Shallow relationships offer only shallow value. Most commonly, people seek out shallow relationships for a baseline level of comfort. This means that they have such little self-mastery that the predictability of idle chatter and distraction is preferable to the clashing voices in their own psyche. Watching movies, getting buzzed, or ogling at sports with so-and-so is actually better than having to sit too long in one’s own head.
We have to understand that this is a statement of fact: it is actually better but only in the short run.
To come out of a shallow relationship, we have to understand what it is that we get from that person and then internalize it for ourselves. This introduces difficulty into the relationship because the relationship has been based in low level stuff. The relationship becomes challenged to go to a deeper place. People tend to feel discarded and abandoned when they bump up against the realization that all they have served to another person has been to be some kind of comfort blanket. It is easier to feel betrayed by the deepening person and remain small than it is to self-examine and start to point out to oneself who formed and limited one into being a shallow person.
Shallow fun, in contrast with shallow relationships, is most certainly a part of life but it is a long-term reward merited to people who are close to fully expressed or who self-examined in order to become fully expressed. Some people are just born more fully expressed. Some lucky people are born to fully expressed parents and are saved a lot of the legwork.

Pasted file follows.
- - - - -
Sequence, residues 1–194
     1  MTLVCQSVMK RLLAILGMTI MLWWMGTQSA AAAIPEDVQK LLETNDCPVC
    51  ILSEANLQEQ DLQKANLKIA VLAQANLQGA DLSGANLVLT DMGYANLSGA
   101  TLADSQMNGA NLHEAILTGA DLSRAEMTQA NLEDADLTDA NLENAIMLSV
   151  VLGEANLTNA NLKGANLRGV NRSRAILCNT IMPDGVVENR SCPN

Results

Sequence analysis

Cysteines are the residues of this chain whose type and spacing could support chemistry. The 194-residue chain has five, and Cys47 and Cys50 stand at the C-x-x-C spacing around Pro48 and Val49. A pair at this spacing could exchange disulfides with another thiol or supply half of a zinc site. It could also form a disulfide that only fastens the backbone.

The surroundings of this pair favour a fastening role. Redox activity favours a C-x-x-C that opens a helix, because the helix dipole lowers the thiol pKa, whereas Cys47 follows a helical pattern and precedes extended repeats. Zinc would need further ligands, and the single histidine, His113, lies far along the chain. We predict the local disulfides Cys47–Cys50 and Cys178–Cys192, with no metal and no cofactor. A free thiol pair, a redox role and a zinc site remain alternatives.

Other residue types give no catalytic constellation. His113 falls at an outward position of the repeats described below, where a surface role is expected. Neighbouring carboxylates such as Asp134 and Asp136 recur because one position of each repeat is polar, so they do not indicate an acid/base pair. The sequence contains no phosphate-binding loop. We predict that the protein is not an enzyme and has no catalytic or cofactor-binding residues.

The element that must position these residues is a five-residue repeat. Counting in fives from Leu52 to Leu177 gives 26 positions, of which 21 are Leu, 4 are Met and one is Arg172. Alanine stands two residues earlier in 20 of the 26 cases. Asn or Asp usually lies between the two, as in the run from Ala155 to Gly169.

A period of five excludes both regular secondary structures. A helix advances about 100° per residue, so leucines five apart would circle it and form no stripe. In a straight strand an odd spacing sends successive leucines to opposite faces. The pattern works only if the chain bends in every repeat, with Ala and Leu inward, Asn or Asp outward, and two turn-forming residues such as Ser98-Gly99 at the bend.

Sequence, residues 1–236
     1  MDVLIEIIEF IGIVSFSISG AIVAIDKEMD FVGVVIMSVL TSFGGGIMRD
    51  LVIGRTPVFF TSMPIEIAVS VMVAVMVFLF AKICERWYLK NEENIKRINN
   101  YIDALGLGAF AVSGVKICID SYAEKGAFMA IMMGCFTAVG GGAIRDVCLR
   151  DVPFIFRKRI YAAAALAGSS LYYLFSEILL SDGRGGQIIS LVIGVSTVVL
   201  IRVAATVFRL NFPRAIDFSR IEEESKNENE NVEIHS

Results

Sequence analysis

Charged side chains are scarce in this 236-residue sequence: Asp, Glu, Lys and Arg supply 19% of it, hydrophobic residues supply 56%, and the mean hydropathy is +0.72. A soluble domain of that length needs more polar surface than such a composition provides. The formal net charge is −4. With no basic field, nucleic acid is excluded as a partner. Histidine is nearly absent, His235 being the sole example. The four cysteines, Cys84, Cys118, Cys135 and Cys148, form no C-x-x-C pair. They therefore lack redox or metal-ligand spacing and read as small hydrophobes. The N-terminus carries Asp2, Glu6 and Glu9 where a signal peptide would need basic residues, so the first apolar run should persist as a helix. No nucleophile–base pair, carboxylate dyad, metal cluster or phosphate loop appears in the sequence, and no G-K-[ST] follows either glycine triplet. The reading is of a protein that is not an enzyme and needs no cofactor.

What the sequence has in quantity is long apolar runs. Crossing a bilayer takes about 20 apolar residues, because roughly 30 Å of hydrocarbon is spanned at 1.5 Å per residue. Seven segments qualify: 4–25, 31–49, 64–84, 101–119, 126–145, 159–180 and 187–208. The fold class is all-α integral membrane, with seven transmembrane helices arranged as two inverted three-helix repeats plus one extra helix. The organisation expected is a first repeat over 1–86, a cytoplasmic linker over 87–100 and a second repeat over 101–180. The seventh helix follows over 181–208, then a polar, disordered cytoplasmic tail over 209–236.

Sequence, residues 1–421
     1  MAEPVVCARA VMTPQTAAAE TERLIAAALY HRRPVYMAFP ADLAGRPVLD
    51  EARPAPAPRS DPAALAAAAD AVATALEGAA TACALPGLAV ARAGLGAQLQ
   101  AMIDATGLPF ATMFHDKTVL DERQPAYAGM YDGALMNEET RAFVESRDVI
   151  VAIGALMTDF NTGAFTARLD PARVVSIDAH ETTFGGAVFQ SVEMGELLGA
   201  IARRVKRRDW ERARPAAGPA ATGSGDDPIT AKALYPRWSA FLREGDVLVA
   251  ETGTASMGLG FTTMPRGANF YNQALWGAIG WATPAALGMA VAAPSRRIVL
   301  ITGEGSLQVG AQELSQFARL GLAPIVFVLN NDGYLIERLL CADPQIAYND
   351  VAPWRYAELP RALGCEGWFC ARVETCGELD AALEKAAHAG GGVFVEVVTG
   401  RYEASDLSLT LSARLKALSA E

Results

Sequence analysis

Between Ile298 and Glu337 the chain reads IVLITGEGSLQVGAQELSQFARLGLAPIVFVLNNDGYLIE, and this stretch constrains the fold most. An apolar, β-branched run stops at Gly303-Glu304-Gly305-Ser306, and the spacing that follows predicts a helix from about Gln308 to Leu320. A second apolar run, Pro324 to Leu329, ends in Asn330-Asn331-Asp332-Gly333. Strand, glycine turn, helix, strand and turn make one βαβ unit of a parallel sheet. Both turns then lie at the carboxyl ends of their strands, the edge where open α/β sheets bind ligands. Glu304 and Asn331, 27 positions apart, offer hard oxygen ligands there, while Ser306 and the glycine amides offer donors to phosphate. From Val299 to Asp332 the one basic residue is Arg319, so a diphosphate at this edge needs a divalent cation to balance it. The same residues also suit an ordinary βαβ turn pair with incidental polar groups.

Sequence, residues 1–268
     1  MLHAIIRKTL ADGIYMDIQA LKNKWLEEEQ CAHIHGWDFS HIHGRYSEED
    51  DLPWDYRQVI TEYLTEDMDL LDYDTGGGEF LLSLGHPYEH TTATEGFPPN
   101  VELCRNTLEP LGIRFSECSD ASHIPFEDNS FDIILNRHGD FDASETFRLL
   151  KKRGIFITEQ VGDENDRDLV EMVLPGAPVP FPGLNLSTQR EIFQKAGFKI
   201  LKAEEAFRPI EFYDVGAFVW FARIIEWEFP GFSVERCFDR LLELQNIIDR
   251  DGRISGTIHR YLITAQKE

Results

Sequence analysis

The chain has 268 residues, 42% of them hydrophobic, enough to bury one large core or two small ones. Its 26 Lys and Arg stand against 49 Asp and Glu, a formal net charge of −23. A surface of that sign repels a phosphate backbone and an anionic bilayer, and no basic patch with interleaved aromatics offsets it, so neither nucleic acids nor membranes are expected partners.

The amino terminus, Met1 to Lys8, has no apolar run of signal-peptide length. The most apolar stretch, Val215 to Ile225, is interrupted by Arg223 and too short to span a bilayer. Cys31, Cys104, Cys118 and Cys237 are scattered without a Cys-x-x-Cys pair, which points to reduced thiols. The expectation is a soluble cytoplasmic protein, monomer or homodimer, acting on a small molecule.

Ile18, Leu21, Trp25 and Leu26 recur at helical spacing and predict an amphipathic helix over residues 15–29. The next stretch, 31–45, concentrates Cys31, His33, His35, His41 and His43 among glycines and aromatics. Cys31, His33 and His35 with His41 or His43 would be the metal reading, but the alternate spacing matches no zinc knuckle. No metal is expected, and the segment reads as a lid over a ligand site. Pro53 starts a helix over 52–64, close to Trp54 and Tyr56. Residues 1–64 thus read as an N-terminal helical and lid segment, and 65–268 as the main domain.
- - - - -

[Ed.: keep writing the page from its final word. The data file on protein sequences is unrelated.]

There is an old saying that dissociation mimics enlightenment. You do a bunch of maturation and overcoming challenges in order to circle back around again to the fun stuff you enjoyed when you were out of your mind. The upside is that all of the degeneracy and self-harm are cut out. The downside is that it can be a lot of work and sometimes you go down dead end paths in your experimentation. That’s where having a mentor can be of lots of use.
Shallow relationships are based in mutual self-deception. “I will patch you up here and you patch me up there,” is the agreement. Such an arrangement allows for all manner of abuses, covert and overt. When we choose to become more real, hardly anybody will follow us because they’re invested in the codependent, the enabler we have long served as. This is a kind of social death that feels like getting kicked out of a tribe into the cold 1000 years ago. But the agony of arriving to middle age without having striven to become real is a far worse agony (many term it a “mid-life crisis”).
We can provide ourselves the social sustenance that shallow relationships do, if we will just talk to ourselves a bit. A bit of prayer and a bit of self-examination can go a long way.